“You’re still struggling with the empathy,” her mother said. “You wouldn’t even know where to begin with telepathy. And no, we are not going to search for another mutant to teach you,” she added when Taryn opened her mouth to make that suggestion.

Another one of their rules. Taryn didn’t understand it. It would solve a lot of their problems if she could learn how the rest of the mutants in Lothoria controlled their abilities.

“We have to tell your father.”

“No, we don’t.” Taryn was whining now but she didn’t care. She wasn’t allowed to use her abilities in open or exposed areas. Somebody might happen to pass by. She had almost free reign within the cabin but there was nothing interesting to try with her abilities at home. Lessons with her father were her only escape from this rule. He wasn’t a mutant himself but he always came up with fun exercises for Taryn to learn to control her telekinesis and inventive ways for her to use them. If he found out about today, he’d cancel her lessons for a whole week.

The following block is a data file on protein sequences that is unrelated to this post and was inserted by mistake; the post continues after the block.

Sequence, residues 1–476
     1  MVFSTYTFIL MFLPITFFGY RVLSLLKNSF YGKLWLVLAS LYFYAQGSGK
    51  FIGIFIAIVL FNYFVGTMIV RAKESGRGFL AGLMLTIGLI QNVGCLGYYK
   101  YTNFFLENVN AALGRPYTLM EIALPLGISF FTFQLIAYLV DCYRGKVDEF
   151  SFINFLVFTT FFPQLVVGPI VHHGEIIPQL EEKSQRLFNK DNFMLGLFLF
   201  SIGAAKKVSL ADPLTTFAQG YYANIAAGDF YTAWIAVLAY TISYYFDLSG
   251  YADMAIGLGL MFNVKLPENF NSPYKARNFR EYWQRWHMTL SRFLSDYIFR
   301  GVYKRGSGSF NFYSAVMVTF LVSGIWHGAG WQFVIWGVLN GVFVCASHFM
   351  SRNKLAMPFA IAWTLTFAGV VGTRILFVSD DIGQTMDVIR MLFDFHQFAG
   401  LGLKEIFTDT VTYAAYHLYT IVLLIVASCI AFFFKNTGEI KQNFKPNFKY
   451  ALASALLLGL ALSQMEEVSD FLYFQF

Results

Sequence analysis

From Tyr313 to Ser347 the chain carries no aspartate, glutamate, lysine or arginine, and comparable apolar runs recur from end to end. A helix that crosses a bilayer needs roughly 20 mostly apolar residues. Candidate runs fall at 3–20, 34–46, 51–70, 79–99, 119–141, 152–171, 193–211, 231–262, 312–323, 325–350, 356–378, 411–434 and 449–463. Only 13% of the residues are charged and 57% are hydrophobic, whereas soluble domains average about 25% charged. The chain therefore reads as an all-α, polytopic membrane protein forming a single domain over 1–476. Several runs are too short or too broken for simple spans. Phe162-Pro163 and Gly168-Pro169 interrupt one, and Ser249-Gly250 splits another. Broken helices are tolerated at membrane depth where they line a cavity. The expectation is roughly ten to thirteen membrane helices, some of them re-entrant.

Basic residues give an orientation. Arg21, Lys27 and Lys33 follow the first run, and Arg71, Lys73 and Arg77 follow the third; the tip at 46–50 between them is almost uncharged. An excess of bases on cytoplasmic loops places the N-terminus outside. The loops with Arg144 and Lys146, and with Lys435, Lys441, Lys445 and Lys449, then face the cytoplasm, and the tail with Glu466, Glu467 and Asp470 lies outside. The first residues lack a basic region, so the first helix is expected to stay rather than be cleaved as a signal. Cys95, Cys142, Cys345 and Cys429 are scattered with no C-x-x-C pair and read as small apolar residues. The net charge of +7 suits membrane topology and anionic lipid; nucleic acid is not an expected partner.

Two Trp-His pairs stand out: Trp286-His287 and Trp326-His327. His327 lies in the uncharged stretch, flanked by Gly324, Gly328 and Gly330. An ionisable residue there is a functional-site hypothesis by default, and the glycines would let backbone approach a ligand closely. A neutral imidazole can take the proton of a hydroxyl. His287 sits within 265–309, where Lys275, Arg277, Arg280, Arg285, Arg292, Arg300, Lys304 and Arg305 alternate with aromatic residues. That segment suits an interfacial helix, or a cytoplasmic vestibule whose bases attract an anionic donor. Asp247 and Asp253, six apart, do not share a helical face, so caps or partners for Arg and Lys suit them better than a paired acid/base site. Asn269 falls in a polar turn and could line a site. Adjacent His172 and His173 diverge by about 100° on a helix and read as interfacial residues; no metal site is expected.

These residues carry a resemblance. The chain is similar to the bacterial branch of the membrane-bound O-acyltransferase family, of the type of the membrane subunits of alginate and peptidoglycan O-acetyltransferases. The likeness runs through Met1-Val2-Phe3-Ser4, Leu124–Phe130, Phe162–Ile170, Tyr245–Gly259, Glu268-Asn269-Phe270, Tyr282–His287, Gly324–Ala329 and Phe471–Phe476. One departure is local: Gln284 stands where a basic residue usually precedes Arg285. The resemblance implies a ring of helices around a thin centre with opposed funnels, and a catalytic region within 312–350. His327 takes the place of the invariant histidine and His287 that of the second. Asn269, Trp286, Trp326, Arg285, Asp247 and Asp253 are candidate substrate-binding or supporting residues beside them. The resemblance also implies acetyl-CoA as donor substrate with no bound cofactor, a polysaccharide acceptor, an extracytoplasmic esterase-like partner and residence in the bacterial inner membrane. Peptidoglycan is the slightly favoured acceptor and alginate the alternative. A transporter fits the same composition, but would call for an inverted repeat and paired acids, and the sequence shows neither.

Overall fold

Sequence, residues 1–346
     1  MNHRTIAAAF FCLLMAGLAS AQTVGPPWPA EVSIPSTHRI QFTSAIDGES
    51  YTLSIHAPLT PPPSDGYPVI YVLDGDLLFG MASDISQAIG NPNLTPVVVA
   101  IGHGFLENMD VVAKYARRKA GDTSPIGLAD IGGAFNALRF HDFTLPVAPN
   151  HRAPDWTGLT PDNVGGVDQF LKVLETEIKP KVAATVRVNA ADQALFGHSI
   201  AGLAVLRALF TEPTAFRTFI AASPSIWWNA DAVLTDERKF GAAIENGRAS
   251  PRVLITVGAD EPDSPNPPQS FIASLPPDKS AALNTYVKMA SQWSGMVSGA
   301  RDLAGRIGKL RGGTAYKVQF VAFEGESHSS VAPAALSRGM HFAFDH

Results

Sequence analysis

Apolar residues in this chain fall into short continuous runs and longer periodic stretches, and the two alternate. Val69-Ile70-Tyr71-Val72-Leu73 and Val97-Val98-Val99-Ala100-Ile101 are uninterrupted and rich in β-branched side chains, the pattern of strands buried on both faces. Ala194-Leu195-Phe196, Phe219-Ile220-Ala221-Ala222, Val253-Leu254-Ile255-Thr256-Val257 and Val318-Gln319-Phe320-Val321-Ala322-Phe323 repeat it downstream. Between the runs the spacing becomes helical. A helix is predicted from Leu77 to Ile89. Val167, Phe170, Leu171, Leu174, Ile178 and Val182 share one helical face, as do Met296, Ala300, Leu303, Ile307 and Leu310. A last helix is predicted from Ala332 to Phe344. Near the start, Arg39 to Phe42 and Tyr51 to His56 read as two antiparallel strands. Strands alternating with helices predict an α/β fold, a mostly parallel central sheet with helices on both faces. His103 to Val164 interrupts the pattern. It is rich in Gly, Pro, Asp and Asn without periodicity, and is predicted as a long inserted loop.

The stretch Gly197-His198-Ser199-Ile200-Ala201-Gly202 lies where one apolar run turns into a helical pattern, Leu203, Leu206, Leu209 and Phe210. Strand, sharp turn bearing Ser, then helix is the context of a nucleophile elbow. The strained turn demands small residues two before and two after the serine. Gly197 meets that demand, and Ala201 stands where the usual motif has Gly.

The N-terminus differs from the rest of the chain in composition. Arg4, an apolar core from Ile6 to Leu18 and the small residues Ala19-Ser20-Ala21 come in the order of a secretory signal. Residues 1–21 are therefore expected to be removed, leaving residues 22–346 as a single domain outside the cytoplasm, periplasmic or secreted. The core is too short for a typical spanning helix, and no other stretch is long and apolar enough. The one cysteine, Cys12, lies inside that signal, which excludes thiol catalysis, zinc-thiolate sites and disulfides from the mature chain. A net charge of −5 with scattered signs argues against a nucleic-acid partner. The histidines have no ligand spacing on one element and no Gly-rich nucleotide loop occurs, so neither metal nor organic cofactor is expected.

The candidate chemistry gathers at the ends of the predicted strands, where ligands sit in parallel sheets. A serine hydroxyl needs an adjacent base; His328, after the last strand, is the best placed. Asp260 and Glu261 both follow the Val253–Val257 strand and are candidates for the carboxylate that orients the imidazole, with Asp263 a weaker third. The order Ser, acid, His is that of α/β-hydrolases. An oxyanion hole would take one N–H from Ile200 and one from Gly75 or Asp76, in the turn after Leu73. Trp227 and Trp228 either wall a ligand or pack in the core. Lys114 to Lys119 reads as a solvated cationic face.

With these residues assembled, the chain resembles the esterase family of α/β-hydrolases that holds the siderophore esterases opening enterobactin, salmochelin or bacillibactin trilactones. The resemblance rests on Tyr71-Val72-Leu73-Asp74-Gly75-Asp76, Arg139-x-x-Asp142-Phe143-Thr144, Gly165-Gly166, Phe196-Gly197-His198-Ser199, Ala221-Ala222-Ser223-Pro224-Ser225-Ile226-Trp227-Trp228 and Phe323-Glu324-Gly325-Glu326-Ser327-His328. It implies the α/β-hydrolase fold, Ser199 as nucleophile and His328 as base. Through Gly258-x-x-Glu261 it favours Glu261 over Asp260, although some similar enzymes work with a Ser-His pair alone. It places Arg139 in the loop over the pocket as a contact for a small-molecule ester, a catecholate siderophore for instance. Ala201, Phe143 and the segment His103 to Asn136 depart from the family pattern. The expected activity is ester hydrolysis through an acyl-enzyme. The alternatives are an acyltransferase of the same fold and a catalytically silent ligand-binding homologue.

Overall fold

“He has to know,” her mother affirmed. “And we have to figure out what to do with you now that you have this new… ability.”

Taryn stood listless as her mother started properly wiping her face clean of the peach juices.

“You’ll get fifteen minutes for not telling us when you were supposed to. Your father doesn’t have to know about the cart.”

Taryn smiled as she wrapped her arms around her mother’s neck. “I knew there was a reason you were my favorite.” Fifteen minutes was a lot better than she had hoped for. She could deal with fifteen minutes of torture.